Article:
Apomorphy (from ancient Greek από apo "from, away" and μορφή morphē "form, shape") is a fundamental concept of cladistics (method of biological systematics ). It contains a newly acquired (“progressive”, “derived” ) characteristic in the course of the phylogenesis of a taxon . The corresponding adjective for such a feature is apomorphic . In contrast, there is plesiomorphism , the original (“primitive”) feature. All of these concepts and names go back to the German entomologist and founder of cladistics Willi Hennig .
Depending on whether the characteristics of an individual taxon are compared to other taxa or the common characteristics of the subtaxa of a taxon are compared, one speaks of either autapomorphies or synapomorphies :
- An autapomorphism is an apomorphic feature that appears in the basic pattern of a species * or a (more inclusive) monophyletic taxon and distinguishes this taxon from other taxa. Autapomorphies are therefore essential for the identification and description of newly discovered taxa.
- A synapomorphism is the common appearance of an apomorphic trait in directly related taxa that they inherited from their most recent common ancestor . The term synapomorphism thus forms at least an intersection with the term homology . Synapomorphies therefore establish a sister group relationship and are therefore essential for the determination of phylogenetic hypotheses (mostly visualized by cladograms ) in cladistics.
Which of the two terms is to be used for a characteristic in a specific case, autapomorphism or synapomorphism , depends on whether the delimiting character of the characteristic of an individual taxon or the unifying character of this characteristic is to be emphasized on the next more exclusive hierarchical level: hair is an autapomorphy of the taxon mammals , but in a comparison of the two main lines of mammals, hair is a synapomorphism of the taxa monotones and theria ( marsupials + placentas ).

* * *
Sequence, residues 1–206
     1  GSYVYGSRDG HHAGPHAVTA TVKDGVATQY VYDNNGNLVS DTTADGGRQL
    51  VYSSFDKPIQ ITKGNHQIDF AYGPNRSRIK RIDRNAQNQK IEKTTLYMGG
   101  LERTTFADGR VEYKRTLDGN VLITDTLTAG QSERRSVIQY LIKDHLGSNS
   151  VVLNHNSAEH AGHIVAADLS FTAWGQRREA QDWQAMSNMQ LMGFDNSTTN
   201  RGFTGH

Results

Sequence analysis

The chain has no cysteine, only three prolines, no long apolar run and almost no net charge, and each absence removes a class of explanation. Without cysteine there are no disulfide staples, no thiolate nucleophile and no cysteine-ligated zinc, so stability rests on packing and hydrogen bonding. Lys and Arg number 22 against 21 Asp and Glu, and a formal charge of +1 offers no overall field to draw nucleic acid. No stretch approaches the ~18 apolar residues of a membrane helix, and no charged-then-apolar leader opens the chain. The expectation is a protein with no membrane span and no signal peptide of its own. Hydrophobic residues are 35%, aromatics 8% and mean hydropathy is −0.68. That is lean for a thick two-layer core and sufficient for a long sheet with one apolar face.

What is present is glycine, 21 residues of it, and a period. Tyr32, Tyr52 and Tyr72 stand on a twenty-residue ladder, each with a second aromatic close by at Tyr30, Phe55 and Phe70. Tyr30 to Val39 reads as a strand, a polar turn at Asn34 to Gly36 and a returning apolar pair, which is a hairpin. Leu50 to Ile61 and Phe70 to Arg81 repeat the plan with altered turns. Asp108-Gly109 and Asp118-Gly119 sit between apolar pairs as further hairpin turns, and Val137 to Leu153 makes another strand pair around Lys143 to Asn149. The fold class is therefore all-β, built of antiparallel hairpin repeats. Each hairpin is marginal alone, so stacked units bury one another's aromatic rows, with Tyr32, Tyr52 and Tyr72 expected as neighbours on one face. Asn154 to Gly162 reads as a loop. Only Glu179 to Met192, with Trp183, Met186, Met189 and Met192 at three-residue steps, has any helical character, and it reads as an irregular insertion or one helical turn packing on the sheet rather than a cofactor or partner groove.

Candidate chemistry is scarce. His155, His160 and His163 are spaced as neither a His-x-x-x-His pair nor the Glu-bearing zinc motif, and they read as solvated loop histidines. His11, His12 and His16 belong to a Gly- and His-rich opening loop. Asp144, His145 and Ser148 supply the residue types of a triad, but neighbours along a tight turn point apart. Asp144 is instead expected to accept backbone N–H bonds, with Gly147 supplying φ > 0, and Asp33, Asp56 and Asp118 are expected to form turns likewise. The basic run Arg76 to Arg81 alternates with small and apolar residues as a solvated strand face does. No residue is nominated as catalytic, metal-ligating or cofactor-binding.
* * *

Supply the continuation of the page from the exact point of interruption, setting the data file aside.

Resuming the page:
The concept of apomorphism is relative to a similar extent, because the autapomorphy at the base of a clade has the character of a (sym-) plesiomorphism within the less inclusive clades it contains, i.e. H. the hairs, which are autapomorphic at the base of the mammals, are (sym-) plesiomorphic in the subgroups of the Theria. This also means that symplesiomorphies are also homologous, although they do not go back to the most recent common ancestor.
Note that higher ranking taxa in particular are often named after their apomorphism or one of their most striking apomorphisms.
- The possession of mammary glands in the chest and abdomen is a common characteristic of all mammals , which distinguishes them from the rest of the terrestrial vertebrates ( amphibians , reptiles and birds ).
- The flowering plants (angiosperms) differ from the other seed plants by the transformation of the female reproductive system to a carpel (carpel) containing the ovules and the pollen receives for fertilization.
- The apomorphic characteristic of the flying insects (pterygota) consists in the presence of veined wings that are attached to the thoracic segments .
- The loss of structures ( "negative feature") can be a apomorphy: So is in the slugs , the housing completely regressed. However, negative traits alone are unsuitable to justify taxa, as it is more likely that reductions occur independently of one another in different lines of development than that identical complex structures arise independently of one another ( convergent ) in different lines of development. In fact, a comparison of additional and “positive” features shows that the reduction in the shell of the slugs cannot be a synapomorphism of a monophyletic group, but has occurred several times in different lines of the slugs.
- Apomorphy in the spectrum Online lexicon of biology
- Stefan Richter, Rudolf Meier: The development of phylogenetic concepts in Hennig's early theoretical publications (1947–1966). Systematic Biology. Vol. 43, No. 2, 1994, pp. 212-221, doi: 10.2307 / 2413462 (alternative full-text access : ResearchGate )
- Mario GG de Pinna: Concepts and tests of homology in the cladistic paradigm. Cladistics. Vol. 7, No. 6, 1991, pp. 367-394, doi: 10.1111 / j.1096-0031.1991.tb00045.x (alternative full text access : CiteSeer X ), p. 369 ff.
- Olivier Rieppel: Introduction to computer-aided cladistics. Pfeil, Munich 1999, ISBN 3-931516-57-1 , p. 30 f.
- John S. Wilkins: Species: A History of the Idea. University of California Press, 2009, ISBN 978-0-520-26085-6 , p. 206